Securing sufficient labour through 2021 and beyond was the keynote seminar at the Fruit Focus event at East Malling in Kent.
With recruitment more challenging than ever, NFU horticulture board chair Ali Capper and Simon Bower from Seasonal Workers Pilot (SWP) operator Concordia spoke on what is being done to mitigate issues in 2021 and to secure long-term solutions.
Capper said there are "appalling statistics" to share. June saw a 20% shortfall in labour, with a 10% year-to-date shortage. Daffodils had a 33% shortage and 24% crop loss — 245 million stems.
The average hourly wage of £10.35 is not the problem, she insisted. Some 36% of businesses lost crops. Only 9% of the workforce are UK nationals.
The NFU is starting to hear about businesses giving up and the sector is "on the brink of disaster if we don't sort this situation out". Some growers will move production offshore or reduce output, Capper warned, adding that Defra needs to make moves soon.
The appointment of AG and Fruitful this April/May to add to Proforce and Concordia as SWP operators was too late, she said. This may be the first year the sector has not seen growth. The Government will only act if supermarket shelves are empty, not if there are lost crops or business failures.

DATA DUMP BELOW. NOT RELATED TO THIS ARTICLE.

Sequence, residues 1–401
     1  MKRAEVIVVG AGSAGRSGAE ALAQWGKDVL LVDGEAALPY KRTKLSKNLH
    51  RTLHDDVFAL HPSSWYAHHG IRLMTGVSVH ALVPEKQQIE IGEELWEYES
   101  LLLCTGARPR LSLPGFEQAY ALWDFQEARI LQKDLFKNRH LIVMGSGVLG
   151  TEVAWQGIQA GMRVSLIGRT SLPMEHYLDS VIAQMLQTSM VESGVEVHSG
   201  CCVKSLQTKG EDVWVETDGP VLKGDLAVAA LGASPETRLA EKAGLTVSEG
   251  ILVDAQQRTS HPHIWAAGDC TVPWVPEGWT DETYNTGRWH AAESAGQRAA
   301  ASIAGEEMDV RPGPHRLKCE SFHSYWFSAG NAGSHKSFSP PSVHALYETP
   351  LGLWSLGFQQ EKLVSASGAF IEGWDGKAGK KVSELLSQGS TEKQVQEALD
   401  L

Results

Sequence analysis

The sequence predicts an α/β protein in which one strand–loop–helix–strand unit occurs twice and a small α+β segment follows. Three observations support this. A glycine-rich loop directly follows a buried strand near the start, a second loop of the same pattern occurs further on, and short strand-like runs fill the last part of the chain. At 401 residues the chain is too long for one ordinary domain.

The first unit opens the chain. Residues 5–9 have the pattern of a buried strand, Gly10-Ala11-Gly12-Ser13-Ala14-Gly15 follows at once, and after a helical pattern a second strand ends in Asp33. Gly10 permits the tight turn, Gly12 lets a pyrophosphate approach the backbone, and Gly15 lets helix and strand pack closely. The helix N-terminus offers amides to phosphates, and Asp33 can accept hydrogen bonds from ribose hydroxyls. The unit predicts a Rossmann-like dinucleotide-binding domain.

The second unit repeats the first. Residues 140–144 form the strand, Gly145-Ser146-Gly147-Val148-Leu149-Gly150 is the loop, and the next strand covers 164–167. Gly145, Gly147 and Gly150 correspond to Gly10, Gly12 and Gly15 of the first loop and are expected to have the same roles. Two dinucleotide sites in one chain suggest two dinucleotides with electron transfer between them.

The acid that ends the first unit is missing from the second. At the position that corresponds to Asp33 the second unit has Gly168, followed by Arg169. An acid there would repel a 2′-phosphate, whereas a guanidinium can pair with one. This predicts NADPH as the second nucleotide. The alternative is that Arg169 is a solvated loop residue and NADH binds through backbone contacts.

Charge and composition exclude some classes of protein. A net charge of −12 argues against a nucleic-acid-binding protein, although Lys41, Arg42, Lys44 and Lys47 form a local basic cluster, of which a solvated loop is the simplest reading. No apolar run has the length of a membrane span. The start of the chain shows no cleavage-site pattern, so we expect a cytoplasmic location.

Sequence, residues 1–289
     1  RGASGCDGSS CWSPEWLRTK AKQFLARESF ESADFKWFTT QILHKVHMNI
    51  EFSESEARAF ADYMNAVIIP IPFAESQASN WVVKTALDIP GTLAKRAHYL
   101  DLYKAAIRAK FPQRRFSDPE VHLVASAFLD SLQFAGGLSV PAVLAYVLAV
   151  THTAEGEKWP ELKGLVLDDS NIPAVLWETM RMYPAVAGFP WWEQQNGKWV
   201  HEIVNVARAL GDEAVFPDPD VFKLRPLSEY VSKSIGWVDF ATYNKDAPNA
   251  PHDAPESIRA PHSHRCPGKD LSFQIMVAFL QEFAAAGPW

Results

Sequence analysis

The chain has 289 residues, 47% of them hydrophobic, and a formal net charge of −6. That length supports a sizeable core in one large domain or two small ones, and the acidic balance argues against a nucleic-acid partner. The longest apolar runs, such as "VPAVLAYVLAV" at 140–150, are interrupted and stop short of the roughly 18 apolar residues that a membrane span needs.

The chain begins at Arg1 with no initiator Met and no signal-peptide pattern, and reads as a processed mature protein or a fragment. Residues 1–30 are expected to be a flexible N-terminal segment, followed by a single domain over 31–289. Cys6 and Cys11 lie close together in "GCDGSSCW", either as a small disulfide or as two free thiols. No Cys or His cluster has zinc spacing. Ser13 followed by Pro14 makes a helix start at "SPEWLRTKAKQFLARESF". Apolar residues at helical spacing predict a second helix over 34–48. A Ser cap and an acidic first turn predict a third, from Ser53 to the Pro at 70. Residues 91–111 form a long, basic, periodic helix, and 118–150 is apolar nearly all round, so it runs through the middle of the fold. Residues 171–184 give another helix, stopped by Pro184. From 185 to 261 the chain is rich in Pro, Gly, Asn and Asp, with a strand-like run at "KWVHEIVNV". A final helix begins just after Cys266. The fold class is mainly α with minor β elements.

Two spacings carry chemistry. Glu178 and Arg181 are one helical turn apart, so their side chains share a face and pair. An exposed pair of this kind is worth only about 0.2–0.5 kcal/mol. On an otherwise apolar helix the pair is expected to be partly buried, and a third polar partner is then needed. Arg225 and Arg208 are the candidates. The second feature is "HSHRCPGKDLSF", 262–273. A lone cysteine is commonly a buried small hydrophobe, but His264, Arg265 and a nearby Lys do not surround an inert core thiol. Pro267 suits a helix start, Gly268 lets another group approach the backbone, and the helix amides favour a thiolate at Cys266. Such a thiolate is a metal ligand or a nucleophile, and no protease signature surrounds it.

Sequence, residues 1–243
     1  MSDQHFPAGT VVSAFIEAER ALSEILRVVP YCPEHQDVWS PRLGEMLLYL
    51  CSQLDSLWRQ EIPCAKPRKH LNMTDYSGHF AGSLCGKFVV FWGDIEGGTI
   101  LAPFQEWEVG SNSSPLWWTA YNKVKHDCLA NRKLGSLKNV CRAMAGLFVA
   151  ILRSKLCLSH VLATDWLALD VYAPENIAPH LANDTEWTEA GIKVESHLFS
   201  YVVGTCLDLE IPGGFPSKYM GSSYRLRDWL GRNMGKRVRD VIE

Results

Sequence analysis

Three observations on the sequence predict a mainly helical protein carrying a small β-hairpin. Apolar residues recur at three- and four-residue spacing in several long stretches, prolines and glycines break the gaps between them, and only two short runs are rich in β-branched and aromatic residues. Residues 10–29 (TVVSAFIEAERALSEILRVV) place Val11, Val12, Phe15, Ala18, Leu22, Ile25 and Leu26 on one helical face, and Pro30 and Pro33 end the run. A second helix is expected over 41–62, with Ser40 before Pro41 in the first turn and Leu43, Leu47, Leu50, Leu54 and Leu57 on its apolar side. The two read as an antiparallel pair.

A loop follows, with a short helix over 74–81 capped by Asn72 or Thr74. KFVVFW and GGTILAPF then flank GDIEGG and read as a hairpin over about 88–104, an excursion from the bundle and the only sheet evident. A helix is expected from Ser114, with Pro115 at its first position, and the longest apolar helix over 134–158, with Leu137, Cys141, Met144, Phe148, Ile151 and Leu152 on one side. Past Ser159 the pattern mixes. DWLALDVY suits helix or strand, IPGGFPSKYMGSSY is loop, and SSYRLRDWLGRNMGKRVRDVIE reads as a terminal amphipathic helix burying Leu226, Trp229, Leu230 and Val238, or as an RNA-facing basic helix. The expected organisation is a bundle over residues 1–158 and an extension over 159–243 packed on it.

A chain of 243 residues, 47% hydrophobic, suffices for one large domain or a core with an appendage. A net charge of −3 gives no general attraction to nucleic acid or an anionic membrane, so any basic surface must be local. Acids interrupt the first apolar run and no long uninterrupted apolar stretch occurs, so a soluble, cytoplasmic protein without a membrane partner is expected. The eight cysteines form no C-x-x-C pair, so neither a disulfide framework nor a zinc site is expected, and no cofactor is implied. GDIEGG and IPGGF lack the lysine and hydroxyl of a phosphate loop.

Capper said the 30,000-place SWP needs to be permanent, year-round, with more operators and permits. The system also needs to be "slicker" and ornamentals need to be included. UK immigration policy is "not fit for purpose". A report is going into Defra in August on the impact of staff shortages on the food and drink sector.
Bower said £245 visa costs are too high (plus £55 for Bulgaria and Romania). Without this year's 30,000 licences UK farmers would be in trouble, he added, but Concordia's licences ran out last week ahead of peak season, though workers now in the UK can be moved around.
Local Department for Work & Pensions representative Keith Johnson said job centres can help growers find UK workers.
#Migrant workers arriving in Northern Ireland via the Seasonal Agricultural Workers Scheme are now exempt from NI Covid-19 related travel restrictions.
Agriculture Minister Edwin Poots said: “I am pleased to announce that exemptions from certain Covid-19 regulations have been put in place for seasonal agricultural workers arriving in NI to work on edible horticulture farms. Access to seasonal workers is essential to the continued viability of the edible horticulture sector and given the relatively short timeframe of the visas, these exemptions will ensure that there is no time wasted when workers arrive here, and farms can benefit from the extra labour immediately.
“It is critical that we all continue to follow the Covid regulations, as put in place by the Department of Health. The amendments to the regulations for seasonal agricultural workers mean that workers will be able to avail of an exemption from self-isolation while working if they undertake Lateral Flow Device tests on days two, five and eight following arrival.”